The lift of the balloon is determined by the temperature difference between the inside and outside air. On a hot day, the balloon cannot be loaded as much as on a cool day, because the temperature required for launch will exceed the maximum sustainable for nylon. Most hot air balloon launches are made during the cooler hours of the day, at dawn or two/three hours before sunset. This is also to avoid thermals, which are vertical air currents caused by ground heating, which make controlling a balloon more difficult.
The largest manufacturer of Hot Air Balloons in the world is Cameron Balloons of Bristol, UK. Aerostar International Inc. of Sioux Falls, South Dakota is North America's largest balloon manufacturer and is a close second in world manufacturing.
A typical hot air balloon flight starts with unpacking the balloon from its carrying bag. A gasoline powered fan is used to blow cold (outside) air into the envelope. The cold air partially inflates the balloon to establish its basic shape before the burner flame is aimed into the throat heating the air inside (see photo). A crew member stationed opposite the throat, holds a rope tied to the apex (crown) of the envelope. The "crown-man" acts as a dead weight in order to slow the envelope's rise so that the envelope can achieve maximum inflation (volume) before standing erect. Once the balloon is upright, pilot and passengers climb into the basket. When the pilot is ready for launch, more heat is directed into the envelope and the balloon lifts off gradually.
Post-launch duties of the ground crew involve packing up inflation equipment and following the balloon with the retrieval transport (also known as a "chase vehicle").
Once the balloon has landed, the envelope is deflated and detached from the basket. The envelope is then packed into its carrying bag. The burner and the basket are separated and all components are packed into the chase vehicle.
In competition, the pilots need to be able to read different wind directions at different altitudes. Some experienced pilots are able to take a flight in one direction, rise to a different altitude to catch wind in a returning direction. With experience, luck and the right conditions, some pilots are able to control a precision landing at the destination. On rare occasions, they may be able to return to the launch site at the end of the flight.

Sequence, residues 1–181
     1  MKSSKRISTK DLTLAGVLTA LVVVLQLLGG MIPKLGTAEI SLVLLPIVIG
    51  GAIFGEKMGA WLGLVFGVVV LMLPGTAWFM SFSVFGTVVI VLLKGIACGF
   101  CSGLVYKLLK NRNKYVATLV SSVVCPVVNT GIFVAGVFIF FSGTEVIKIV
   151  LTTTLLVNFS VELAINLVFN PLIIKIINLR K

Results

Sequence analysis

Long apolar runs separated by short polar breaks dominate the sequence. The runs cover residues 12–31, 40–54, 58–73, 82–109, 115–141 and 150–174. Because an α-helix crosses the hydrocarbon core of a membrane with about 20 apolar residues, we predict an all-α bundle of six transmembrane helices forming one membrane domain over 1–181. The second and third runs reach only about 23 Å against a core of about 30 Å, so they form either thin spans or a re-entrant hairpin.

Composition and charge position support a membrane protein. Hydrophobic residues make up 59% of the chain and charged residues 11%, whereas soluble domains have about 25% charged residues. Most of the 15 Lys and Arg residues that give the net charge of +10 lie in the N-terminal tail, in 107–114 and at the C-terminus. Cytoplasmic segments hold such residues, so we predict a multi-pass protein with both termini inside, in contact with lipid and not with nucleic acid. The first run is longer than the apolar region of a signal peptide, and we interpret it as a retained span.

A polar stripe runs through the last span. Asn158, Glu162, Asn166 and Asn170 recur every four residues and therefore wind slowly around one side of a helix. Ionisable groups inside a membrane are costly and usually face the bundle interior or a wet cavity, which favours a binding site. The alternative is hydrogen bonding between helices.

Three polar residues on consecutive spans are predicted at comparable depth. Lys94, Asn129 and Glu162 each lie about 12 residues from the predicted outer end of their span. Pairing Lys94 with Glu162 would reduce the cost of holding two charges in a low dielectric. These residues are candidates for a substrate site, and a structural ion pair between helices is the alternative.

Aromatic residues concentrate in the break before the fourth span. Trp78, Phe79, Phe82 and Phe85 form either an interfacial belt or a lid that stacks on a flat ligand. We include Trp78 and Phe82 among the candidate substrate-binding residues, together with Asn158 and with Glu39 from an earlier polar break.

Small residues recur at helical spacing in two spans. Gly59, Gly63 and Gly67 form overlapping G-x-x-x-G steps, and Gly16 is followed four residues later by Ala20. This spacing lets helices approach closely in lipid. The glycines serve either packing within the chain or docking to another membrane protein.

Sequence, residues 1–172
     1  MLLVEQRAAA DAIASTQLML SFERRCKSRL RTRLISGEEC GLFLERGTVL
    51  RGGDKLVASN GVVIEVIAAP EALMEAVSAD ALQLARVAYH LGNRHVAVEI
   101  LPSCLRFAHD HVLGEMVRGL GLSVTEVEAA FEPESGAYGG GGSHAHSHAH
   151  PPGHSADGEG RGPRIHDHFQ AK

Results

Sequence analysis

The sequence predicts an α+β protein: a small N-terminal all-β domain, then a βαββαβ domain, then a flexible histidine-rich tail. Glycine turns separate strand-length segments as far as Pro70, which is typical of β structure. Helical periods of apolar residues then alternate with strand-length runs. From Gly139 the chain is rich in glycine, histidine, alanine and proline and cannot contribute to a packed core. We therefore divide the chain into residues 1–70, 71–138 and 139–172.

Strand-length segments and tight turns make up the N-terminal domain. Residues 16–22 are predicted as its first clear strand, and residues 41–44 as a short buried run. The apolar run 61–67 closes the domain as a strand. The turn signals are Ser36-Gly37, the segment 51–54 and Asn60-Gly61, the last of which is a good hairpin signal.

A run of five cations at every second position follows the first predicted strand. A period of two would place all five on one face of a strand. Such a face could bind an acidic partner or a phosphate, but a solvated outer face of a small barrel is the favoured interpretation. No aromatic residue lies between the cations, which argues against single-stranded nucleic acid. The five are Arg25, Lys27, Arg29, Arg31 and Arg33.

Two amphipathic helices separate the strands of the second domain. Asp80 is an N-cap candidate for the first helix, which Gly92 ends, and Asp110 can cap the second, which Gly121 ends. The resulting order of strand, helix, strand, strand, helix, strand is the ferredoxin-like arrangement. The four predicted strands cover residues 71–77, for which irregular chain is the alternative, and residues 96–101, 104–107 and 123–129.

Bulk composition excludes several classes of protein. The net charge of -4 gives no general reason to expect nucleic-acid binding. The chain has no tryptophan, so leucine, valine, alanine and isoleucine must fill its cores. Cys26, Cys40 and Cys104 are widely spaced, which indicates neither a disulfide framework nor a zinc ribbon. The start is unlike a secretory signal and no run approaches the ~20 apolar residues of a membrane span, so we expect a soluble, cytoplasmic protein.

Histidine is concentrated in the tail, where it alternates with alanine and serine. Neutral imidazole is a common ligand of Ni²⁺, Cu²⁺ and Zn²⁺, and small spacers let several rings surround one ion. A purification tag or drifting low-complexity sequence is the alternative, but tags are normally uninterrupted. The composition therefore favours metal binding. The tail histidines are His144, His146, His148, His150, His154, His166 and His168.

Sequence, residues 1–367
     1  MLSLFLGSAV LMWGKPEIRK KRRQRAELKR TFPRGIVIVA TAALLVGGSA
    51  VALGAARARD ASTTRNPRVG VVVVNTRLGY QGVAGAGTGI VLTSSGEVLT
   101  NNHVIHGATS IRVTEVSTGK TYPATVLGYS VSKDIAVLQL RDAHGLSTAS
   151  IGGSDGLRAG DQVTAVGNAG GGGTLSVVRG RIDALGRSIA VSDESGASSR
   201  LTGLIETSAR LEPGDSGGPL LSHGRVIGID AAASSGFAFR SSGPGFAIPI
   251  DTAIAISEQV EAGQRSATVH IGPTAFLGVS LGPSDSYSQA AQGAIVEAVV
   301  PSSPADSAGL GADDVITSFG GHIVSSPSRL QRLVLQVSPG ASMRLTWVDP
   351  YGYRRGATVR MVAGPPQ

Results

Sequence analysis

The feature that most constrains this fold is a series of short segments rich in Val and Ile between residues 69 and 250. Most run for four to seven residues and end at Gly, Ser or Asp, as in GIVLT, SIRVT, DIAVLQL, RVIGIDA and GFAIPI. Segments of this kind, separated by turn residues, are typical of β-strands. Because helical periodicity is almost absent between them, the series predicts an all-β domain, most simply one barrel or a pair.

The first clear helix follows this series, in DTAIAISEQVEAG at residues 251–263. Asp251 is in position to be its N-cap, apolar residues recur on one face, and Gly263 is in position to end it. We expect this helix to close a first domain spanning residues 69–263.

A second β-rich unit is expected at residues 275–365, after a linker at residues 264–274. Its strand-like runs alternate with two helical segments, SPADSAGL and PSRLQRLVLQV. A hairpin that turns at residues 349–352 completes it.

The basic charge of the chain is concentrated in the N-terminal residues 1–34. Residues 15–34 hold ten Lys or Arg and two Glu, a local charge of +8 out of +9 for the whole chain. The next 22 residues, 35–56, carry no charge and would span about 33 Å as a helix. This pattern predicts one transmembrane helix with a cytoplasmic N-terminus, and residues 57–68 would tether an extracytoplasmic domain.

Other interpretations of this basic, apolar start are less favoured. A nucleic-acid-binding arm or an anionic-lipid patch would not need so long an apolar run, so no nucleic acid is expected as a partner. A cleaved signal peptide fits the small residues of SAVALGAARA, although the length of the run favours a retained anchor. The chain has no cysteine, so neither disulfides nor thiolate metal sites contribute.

The dangers of the sport include excessive (vertical or horizontal) speed during landing, entangling high voltage power lines and mid-air collisions that may collapse the balloon.
On February 27, 1999 while they were trying to circumnavigate the world by balloon, Colin Prescot and Andy Elson set a new endurance record after flying in a "Rozier" combined helium and hot air balloon for 233 hours and 55 minutes. Then on March 21st of that year, Bertrand Piccard and Brian Jones became the first to circumnavigate the Earth also in a Rozier, in a flight lasting 477 hours, 47 minutes. Their records for time and distance remain unbeaten in any kind of balloon. On July 4, 2002, after five previous attempts, Steve Fossett became the first to achieve a round the world solo flight, while also topping his own solo endurance record.
Throughout the year balloon festivals (or fiestas) are held which give a chance for balloonists to gather together and for the public to participate in the spectacle of many balloons launching at the same time. Some of the large festivals are
- Bristol International Balloon Fiesta
- Albuquerque International Balloon Fiesta
- London International Hot Air Balloon Festival
- snigge.de - Hot Air Balloning Championships (http://www.snigge.de) - Pictures and Articles about Championships all around the world
- Hot Air Ballons Panorama (http://www.panorama-cities.net/muenster/hot-air_ballons.html) - Lift off in Muenster Germany
- 2004 World Hot Air Balloon Championship (http://www.2004worldsballoons.com) - Hosted by Mildura, Australia.